National Preparedness

999 Words4 Pages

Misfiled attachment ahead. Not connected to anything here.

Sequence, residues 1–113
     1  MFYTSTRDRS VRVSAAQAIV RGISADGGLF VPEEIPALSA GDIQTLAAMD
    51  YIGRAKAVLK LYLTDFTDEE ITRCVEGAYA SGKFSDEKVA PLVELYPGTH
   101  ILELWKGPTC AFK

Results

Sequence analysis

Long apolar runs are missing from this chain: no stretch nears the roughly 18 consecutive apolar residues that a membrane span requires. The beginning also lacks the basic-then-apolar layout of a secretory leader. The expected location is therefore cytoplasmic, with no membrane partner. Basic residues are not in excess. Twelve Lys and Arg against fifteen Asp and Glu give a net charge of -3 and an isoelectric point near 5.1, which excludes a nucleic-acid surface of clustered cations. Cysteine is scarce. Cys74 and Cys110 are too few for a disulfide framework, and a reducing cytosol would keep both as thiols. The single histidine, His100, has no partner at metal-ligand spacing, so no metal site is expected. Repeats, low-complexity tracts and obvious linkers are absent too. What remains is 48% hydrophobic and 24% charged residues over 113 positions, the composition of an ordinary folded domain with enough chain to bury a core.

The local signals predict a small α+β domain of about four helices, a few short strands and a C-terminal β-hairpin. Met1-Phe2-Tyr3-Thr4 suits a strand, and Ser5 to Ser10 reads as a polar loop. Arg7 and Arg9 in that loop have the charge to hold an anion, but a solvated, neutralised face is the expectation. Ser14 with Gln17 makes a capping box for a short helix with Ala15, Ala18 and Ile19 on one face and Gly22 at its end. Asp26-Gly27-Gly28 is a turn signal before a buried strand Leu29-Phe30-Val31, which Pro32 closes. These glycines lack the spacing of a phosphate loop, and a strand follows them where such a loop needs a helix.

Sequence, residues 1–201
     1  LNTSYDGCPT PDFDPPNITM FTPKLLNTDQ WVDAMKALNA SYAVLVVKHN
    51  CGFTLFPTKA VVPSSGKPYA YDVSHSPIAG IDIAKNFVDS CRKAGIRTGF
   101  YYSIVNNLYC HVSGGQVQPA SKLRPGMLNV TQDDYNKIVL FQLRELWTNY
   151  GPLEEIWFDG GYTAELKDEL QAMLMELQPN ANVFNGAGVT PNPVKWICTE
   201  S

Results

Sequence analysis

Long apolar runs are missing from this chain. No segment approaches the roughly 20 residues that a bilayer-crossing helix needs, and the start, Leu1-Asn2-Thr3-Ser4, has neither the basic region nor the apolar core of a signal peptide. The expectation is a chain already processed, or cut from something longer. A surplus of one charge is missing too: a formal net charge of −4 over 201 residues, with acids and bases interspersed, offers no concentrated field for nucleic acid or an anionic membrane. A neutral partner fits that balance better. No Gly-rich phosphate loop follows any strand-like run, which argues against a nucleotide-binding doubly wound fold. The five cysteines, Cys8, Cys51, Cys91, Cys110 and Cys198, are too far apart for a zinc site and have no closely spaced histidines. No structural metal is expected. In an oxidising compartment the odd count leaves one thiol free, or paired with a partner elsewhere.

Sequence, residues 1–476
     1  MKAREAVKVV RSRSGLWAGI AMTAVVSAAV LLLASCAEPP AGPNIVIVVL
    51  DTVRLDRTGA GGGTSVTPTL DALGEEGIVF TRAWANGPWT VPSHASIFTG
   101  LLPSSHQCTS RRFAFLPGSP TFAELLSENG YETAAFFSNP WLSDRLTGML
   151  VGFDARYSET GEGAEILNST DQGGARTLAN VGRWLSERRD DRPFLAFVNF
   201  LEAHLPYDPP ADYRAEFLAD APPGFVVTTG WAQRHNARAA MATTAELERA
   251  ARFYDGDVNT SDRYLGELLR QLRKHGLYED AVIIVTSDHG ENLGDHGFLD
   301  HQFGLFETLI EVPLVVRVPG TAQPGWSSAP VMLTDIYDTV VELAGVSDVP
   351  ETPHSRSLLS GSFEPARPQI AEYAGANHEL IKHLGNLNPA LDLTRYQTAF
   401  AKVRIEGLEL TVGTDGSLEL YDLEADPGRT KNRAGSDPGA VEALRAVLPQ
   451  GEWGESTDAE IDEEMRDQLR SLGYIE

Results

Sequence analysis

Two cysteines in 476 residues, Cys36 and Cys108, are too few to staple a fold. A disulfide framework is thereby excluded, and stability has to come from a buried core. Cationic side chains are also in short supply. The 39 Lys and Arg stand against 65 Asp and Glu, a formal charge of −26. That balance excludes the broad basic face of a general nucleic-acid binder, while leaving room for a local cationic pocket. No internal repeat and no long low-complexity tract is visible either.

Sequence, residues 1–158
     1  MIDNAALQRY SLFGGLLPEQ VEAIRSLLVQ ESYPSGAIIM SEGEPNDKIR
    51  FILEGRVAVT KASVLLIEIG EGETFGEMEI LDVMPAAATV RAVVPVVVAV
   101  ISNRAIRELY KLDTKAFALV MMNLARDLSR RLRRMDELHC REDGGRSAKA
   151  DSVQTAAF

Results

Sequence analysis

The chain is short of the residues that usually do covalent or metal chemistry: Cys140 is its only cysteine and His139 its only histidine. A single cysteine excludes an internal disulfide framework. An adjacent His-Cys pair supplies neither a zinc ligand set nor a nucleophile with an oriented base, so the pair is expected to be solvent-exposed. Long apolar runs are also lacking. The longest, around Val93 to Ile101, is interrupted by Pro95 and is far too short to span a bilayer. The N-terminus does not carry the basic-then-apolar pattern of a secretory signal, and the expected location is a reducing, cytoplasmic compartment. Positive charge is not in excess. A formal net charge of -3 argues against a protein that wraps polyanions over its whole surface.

Presidential Policy Directive 8 revolves around national preparedness. It’s main goal is to strengthen “… the security and resilience of the United States through systematic preparation for the threats that pose the greatest risk to the security of the Nation, including acts of terrorism, cyber attacks, pandemics, and catastrophic natural disasters…” (Presidential Policy Directive / PPD-8: National Preparedness, 2011). It directs the government to plan out an integrated systematic security framework that will help in preventing, protecting, mitigating, responding to, and recovery from terrorist acts and other such things (i.e. hurricanes and tornados). Also, the directive requires the framework to be scalable, flexible and adaptable. NIMS is the shortened name for the National Incident Management System. Its basis is to be a “…template for preparedness, planning and response to emergency incidents that is an all-hazard incident management system… (Maniscalco & Christen, 2011, pg. 20). In other words, it’s a guideline for emergency preparedness for any situation. The National Incident Management System doesn’t have any specific responsibilities besides being a standard unified command system. Nonetheless, NIMS does define the roles and responsibilities of the federal, state, and local first responders during an emergency. NIMS: Federal, State, and local first responder roles and responsibilities defined by NIMS is a very broad subject though. Several of the roles and responsibilities bring out the legal attributes of NIMS. For example, NIMS governs the certification and credentialing of incident responders. When responding to an incident, the incident management system needs the best qualified personnel. The more knowledgeable... ... middle of paper ... ... able to be used by Federal, State, Local, Private, and non-governmental organizations with any type of emergency. The National Incident Management System is the result of this presidential directive; it creates a well-rounded baseline framework to be used by emergency responders. NRF takes NIMS one step farther; NRF implements a cycle in which there is constant training and improvement. Also, NIMS practices the ICS command system; the ICS command system helps prevent confusion with the chain-in-command. MACS is the support feature when an incident is in unified command. Having a multi-agency coordination system allows for all agencies to have a say in an incident; that way, when they help advise the Incident Commander, the Incident Commander can make an informed tactical decision. As can be seen, NIMS/NRF/MACS and PPD-8 all go hand in hand in incident management.
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